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Re: kumquats.....Jim S?

Interesting, Auralie. Kumquats likely do have greater cold tolerance than most citrus. They are in the same family as citrus, Rutaceae, but a different species, Fortunella. I've also heard [but can't verify] that they grow in parts of Korea.

On Feb 16, 2006, at 2:06 PM, Aplfgcnys@aol.com wrote:

For what it's worth, which may not be much, when I was growing
up in the Florida panhandle - considerably north of Jim - I knew
several large kumquat trees (I knew practically every tree and
shrub in town).  Have no idea what cultivar, but they were very
tasty, and apparently quite hardy.  They were the only citrus
trees in the area - I assume because the climate is just too
cold for them. We regularly had several freezing days and
nights in a row each winter.  I seriously doubt that these were
grafted or any special cultivars.  People didn't go in for that
sort of thing at that time and place.

In a message dated 02/16/2006 1:53:50 PM Eastern Standard Time,
islandjim1@verizon.net writes:
I don't know why most citrus are grafted--I tend to think it's the
result of the same logic that puts chrome strips on Buicks. But while I
suspect that kumquat roots are just as suitable as trifoliate root
stocks, I don't know that. I do know that in my yard, key lime,
Palestine lime, Meyer's Improved lemon, and sweet lemon all grow on
their own roots. I also believe that some cultivars--such as Noreen's
Texas ruby red grapefruit--are probably too unstable for sexual
reproduction and so grafting is the surest way to get a lot of them.
[Incidentally, the TRRG is an excellent grapefruit, but my favorite is
still the old, very seedy, white Duncan.]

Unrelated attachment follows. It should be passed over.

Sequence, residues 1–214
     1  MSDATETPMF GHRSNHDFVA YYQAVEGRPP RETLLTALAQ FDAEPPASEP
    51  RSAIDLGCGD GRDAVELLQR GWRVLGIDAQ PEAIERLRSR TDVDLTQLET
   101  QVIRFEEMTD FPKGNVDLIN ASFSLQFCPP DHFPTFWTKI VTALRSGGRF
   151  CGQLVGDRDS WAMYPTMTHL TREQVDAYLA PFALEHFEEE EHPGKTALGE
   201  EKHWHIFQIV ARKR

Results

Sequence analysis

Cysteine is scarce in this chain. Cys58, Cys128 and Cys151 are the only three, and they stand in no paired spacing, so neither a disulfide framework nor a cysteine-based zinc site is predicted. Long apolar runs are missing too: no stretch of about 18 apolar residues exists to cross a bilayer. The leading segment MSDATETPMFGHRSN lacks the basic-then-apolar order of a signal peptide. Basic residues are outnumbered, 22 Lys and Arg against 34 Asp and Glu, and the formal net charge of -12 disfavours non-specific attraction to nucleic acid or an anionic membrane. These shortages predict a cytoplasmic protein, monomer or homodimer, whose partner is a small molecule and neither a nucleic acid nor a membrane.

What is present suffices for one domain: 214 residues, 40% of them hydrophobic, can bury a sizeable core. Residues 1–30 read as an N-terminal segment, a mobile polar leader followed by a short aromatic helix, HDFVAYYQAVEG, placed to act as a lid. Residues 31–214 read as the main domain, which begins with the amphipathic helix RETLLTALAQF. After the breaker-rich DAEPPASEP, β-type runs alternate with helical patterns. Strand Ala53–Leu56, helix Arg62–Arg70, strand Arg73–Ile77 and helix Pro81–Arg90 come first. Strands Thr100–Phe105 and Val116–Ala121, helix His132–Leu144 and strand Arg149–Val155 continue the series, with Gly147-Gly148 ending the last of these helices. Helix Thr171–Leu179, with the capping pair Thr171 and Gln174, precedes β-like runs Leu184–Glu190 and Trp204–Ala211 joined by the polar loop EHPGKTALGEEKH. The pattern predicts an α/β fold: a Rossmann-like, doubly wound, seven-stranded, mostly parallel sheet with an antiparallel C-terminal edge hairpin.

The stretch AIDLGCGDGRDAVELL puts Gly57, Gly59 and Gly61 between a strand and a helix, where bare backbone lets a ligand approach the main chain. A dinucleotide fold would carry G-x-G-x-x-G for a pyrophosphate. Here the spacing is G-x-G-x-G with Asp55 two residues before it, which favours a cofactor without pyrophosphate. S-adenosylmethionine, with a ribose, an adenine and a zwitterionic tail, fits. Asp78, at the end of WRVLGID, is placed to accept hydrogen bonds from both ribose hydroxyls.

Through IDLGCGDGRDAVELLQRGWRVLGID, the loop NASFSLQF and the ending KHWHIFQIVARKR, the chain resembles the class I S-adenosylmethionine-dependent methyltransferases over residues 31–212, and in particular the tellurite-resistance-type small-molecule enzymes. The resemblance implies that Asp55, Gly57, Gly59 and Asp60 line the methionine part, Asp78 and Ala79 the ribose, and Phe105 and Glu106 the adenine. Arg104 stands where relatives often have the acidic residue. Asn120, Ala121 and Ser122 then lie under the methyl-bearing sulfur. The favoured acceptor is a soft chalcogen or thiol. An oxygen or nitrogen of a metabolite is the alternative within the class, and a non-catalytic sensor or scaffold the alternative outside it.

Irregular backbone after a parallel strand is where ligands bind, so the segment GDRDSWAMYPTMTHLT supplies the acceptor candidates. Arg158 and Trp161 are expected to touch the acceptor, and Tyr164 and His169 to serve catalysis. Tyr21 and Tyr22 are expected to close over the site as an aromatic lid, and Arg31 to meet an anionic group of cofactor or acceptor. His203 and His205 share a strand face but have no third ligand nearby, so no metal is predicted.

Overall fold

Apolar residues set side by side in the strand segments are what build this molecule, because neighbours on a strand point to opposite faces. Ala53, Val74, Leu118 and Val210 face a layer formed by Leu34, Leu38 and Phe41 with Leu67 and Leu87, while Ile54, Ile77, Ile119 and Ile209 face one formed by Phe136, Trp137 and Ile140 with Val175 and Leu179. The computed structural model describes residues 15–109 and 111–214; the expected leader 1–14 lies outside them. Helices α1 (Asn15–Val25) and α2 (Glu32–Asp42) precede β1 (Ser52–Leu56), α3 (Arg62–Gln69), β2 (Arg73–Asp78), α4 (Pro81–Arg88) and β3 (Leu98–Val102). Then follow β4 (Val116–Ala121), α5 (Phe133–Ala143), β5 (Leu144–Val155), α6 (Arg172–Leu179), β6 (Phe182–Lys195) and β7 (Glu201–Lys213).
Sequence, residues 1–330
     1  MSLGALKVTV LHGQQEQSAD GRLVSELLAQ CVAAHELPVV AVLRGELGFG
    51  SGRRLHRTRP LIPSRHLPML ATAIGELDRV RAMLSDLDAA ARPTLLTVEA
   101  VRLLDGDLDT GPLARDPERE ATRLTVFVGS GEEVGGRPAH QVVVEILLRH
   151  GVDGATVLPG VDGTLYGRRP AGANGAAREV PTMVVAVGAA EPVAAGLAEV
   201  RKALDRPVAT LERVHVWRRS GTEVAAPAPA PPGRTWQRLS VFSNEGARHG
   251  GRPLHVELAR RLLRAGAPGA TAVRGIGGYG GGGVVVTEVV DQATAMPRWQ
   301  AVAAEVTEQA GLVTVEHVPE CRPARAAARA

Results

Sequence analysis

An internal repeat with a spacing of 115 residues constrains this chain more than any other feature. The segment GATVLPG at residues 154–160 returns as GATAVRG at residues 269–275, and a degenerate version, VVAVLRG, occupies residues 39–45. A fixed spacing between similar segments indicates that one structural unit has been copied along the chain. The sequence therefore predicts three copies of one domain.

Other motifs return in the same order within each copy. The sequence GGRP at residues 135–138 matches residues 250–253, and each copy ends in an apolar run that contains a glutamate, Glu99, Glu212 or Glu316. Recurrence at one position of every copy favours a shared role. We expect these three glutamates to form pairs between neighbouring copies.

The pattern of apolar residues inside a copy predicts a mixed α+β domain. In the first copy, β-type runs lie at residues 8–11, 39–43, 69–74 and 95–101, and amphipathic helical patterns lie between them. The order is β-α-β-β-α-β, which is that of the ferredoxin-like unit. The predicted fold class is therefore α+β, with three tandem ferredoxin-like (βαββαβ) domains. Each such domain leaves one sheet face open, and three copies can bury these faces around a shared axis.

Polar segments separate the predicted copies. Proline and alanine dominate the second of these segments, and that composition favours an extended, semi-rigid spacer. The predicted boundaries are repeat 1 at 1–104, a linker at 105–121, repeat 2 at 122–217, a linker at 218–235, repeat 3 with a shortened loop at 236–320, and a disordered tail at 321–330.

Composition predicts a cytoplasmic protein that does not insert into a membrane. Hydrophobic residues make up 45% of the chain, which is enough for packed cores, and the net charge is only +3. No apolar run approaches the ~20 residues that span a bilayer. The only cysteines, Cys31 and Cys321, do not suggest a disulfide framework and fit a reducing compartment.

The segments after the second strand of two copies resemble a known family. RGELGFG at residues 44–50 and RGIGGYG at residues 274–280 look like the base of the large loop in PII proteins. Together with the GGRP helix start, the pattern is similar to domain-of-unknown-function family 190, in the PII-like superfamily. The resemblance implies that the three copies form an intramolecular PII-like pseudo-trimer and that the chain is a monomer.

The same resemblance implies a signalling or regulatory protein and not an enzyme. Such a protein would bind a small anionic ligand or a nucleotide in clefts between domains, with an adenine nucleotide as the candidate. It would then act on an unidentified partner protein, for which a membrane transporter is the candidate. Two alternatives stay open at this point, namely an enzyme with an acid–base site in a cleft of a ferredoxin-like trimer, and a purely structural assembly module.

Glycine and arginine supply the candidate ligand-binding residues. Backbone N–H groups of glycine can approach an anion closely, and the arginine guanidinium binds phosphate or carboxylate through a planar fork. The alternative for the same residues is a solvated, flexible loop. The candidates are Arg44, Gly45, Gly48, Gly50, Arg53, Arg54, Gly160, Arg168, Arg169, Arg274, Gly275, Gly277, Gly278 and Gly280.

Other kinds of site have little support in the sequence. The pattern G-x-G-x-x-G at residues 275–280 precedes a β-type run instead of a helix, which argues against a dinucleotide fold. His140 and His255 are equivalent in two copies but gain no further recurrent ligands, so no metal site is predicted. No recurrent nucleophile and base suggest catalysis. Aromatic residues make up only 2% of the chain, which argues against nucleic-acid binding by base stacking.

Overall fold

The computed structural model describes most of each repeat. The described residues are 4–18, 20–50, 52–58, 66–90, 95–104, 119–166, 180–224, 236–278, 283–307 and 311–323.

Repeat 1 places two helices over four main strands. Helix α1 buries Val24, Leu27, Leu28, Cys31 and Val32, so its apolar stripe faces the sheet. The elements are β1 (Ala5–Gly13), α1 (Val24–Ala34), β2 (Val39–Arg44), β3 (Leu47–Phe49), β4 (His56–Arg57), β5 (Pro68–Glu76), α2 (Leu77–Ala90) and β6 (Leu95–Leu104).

On Feb 16, 2006, at 9:05 AM, TeichFlora@aol.com wrote:

I do, Chris, although I have to say.......out of all the citrus I have
or grow, these are the ones that have given me the most problems in the
past. I don't know if they are just more touchy or what......perhaps
Jim S. can
give us a "how to". Most all the citrus are in bloom.....yeah!!
Have a few
that need to be picked. Added some new varieties to the citrus area
too long ago. One in particular I found interesting, a variegated
Cara Cara
(Cara Cara is a blood orange, but had never seen one variegated),
also got a
Texas Ruby Red Grapefruit on dwarf rootstock. Any particular
growing tips on
these Jim??

Kumquats, like most sweeter citrus, are grafted, but many folks grow
from seeds. Again, Jim would know more........if it would be worth a

zone 9
Texas Gulf COast

In a message dated 2/15/2006 11:02:30 PM Central Standard Time,
gardenchat-owner@hort.net writes:

Speaking of lemon seeds, anyone here grow kumquats? I've been
on a bunch that I bought at the grocery store and love them.
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Island Jim
Southwest Florida
27.0 N, 82.4 W
Hardiness Zone 10
Heat Zone 10
Minimum 30 F [-1 C]
Maximum 100 F [38 C]

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